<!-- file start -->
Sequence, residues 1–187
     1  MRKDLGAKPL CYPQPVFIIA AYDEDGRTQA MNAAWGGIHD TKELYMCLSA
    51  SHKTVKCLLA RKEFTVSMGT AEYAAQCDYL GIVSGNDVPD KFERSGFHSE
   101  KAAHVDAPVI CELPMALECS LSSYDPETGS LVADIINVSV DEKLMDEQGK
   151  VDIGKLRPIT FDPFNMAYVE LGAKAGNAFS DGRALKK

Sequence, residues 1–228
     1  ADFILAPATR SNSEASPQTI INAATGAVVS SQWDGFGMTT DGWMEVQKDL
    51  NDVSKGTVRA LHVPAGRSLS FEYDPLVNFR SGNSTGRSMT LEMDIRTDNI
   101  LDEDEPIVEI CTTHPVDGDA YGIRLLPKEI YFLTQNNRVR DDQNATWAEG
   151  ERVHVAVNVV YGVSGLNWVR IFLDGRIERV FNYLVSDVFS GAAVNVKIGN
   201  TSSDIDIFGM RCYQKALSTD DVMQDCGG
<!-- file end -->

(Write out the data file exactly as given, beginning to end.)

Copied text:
Sequence, residues 1–187
     1  MRKDLGAKPL CYPQPVFIIA AYDEDGRTQA MNAAWGGIHD TKELYMCLSA
    51  SHKTVKCLLA RKEFTVSMGT AEYAAQCDYL GIVSGNDVPD KFERSGFHSE
   101  KAAHVDAPVI CELPMALECS LSSYDPETGS LVADIINVSV DEKLMDEQGK
   151  VDIGKLRPIT FDPFNMAYVE LGAKAGNAFS DGRALKK

Sequence, residues 1–228
     1  ADFILAPATR SNSEASPQTI INAATGAVVS SQWDGFGMTT DGWMEVQKDL
    51  NDVSKGTVRA LHVPAGRSLS FEYDPLVNFR SGNSTGRSMT LEMDIRTDNI
   101  LDEDEPIVEI CTTHPVDGDA YGIRLLPKEI YFLTQNNRVR DDQNATWAEG
   151  ERVHVAVNVV YGVSGLNWVR IFLDGRIERV FNYLVSDVFS GAAVNVKIGN
   201  TSSDIDIFGM RCYQKALSTD DVMQDCGG